School Business Affairs January 2021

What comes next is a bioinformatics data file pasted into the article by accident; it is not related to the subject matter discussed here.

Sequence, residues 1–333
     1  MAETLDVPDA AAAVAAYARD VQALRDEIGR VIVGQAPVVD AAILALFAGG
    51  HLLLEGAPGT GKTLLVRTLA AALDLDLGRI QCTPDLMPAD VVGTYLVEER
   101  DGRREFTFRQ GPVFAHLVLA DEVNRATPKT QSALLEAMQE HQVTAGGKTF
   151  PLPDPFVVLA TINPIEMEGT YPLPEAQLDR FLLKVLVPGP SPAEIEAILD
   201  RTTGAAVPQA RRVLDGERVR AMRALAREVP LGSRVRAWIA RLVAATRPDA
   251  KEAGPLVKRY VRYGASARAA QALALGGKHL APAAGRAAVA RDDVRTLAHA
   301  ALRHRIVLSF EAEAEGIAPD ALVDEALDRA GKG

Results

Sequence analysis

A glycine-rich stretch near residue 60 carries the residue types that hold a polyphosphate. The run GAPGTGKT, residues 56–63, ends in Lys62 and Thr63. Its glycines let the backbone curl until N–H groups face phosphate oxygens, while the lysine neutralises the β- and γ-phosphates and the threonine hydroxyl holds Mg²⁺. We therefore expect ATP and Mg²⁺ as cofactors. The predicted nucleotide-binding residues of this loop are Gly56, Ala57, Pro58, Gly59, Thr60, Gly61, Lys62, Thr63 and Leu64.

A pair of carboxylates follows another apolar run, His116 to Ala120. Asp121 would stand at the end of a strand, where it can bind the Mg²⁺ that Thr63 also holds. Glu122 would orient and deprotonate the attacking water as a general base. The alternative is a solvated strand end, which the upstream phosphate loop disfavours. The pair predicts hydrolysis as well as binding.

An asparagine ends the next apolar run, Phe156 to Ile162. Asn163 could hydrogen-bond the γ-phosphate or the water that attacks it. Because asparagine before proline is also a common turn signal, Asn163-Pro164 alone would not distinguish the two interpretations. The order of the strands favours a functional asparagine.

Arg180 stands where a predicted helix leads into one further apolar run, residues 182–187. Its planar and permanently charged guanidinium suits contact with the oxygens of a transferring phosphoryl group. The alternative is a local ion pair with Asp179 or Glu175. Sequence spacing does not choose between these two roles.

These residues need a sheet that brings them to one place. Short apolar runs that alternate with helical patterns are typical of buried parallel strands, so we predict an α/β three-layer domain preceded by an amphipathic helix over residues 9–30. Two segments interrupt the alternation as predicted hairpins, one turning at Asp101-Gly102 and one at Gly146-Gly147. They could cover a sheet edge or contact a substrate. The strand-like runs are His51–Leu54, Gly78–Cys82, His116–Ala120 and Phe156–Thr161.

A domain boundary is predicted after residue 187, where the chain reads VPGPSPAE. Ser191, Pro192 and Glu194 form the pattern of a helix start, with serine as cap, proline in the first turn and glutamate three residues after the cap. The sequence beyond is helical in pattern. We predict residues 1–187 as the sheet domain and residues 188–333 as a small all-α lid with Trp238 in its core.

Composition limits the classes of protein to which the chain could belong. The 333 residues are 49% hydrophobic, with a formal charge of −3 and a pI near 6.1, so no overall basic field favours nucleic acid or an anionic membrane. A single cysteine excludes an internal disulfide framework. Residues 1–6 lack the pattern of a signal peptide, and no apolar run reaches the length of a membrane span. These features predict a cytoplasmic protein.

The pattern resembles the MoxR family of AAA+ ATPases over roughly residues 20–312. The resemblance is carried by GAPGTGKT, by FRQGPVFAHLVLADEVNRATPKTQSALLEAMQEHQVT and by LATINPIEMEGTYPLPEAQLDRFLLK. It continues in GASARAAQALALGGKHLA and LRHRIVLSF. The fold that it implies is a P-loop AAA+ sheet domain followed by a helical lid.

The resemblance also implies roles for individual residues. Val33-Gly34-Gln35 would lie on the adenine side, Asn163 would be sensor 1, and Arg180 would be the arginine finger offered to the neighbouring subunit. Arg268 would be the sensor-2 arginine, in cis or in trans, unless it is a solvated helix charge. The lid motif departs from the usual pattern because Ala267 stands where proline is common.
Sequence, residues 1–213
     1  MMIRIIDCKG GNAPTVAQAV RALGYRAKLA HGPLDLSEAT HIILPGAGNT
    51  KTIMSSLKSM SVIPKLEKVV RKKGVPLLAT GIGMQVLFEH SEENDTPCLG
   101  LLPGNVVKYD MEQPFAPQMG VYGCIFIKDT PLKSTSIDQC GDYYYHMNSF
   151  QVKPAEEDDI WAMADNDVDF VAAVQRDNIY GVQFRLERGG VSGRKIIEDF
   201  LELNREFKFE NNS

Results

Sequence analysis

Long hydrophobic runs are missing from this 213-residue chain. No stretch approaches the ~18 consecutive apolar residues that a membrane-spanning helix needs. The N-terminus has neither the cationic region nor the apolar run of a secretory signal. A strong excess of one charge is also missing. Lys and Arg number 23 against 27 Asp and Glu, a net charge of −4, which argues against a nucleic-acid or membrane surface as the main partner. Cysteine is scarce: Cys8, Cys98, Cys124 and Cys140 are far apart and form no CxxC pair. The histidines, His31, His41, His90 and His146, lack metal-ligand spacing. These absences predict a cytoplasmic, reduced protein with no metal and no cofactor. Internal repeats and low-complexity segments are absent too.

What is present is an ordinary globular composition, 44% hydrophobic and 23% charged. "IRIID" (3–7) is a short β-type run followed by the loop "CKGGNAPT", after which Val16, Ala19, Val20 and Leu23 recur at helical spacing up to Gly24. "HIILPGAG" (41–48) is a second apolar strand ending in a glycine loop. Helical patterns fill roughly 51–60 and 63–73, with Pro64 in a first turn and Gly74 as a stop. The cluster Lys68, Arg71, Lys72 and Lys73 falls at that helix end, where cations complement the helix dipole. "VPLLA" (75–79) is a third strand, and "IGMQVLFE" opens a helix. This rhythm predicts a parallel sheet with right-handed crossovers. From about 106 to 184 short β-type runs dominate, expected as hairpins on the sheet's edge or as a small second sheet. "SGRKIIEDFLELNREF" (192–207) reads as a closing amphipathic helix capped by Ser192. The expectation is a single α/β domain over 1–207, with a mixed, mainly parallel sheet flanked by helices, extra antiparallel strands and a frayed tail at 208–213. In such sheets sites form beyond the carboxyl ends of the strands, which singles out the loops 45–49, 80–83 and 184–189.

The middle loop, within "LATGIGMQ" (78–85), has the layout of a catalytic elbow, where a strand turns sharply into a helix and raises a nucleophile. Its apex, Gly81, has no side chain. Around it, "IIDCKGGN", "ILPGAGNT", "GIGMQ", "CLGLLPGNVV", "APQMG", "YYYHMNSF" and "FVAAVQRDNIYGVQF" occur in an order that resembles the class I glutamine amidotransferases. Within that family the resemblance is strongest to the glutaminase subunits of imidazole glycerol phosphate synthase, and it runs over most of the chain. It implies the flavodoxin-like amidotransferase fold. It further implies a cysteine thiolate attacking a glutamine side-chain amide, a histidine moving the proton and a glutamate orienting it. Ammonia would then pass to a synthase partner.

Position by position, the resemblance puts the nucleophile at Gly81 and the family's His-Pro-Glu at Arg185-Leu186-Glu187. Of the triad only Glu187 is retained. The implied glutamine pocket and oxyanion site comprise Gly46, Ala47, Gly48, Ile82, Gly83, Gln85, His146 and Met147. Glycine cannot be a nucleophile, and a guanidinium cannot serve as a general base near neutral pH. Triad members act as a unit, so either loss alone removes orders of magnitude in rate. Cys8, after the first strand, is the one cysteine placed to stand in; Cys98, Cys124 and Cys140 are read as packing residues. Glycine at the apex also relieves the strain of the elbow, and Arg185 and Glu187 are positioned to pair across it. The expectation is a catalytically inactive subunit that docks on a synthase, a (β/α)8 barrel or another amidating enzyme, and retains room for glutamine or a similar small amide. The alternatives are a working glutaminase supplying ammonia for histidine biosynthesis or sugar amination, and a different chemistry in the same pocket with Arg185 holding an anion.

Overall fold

asbointl.org SCHOOL BUSINESS AFFAIRS | JANUARY 2021 37 MANAGEMENT BRIEFCASE What to do about the colleague who monopolizes everyone’s time. Taming the Office Overtalker By Nan Wodarz, EdD W e have all had interactions with colleagues who talk incessantly. They are easy to spot in meetings or in the lunchroom because they consume so much time that others begin to fidget, roll their eyes, or completely tune out. Many over- talkers have no idea they talk too much. Manifestations of Overtalking Overtalkers tend to overshare on a par- ticular point of interest to them or provide exhaustive detail that is of little consequence or value to the listener. They monopolize meeting time and are generally oblivious to the effect of their behaviors on others. To make their point, overtalkers may interrupt or talk over someone else, leaving others feeling unheard and dismissed, giv- ing the impression the overtalker is the only voice that matters. Many employees process information verbally. That is, they think through a prob- lem out loud. This can be overwhelming to colleagues who have already processed the information or simply do not think in that manner. Overtalkers don’t recognize that their behavior alienates them from their teammates. Overtalking might merely be an impulsive oversharing or stream of consciousness. These folks use talking as a way of connect- ing with others and being social; however, they do not understand that dialogue is a tentative balance of input and output. As they attempt to fill the silence, they fail to get the conversational equilibrium right. Reasons for Chronic Talking It is tempting to label a chronic talker a self- ish egotist. However, people overtalk for many reasons totally unrelated to ego. Studies in the 1990s found that about one in 20 people overtalks. This frenetic pattern of communication is usually triggered by a sense of inadequacy, which is so habitual that an individual has little awareness they are overtalking. Much research has linked overtalking to anxiety, a short attention span, or arrogance. Anxiety is usually due to a lack of self- confidence, heightened self-consciousness, or a discomfort in social situations. The more self-conscious an overtalker becomes, the more anxious they may feel and the less able they are to regulate their stress response of talking. While an individual may come across as confident and socially adept, low- level anxiety often sits just below the surface and is not obvious to a casual observer. Some characteristics of attention-deficit disorder manifest themselves in overtalking. Adults with ADHD may be impulsive, inter- rupting others or talking excessively. The first step in managing the overtalker is not jumping to conclusions. Arrogance is also a trigger for excessive talking when social understanding and awareness are low. An individual can be so self-absorbed they are not aware of their colleagues’ annoyance and continue to monopolize the conversation. Managing the Overtalker The first step in managing the overtalker is not jumping to conclusions. Rather, take the time to determine why the person is a chronic chatterer. If you can determine if the trigger is narcissistic behavior or merely anxiety, it will guide you in choosing the most helpful response. OLLY/STOCK.ADOBE.COM

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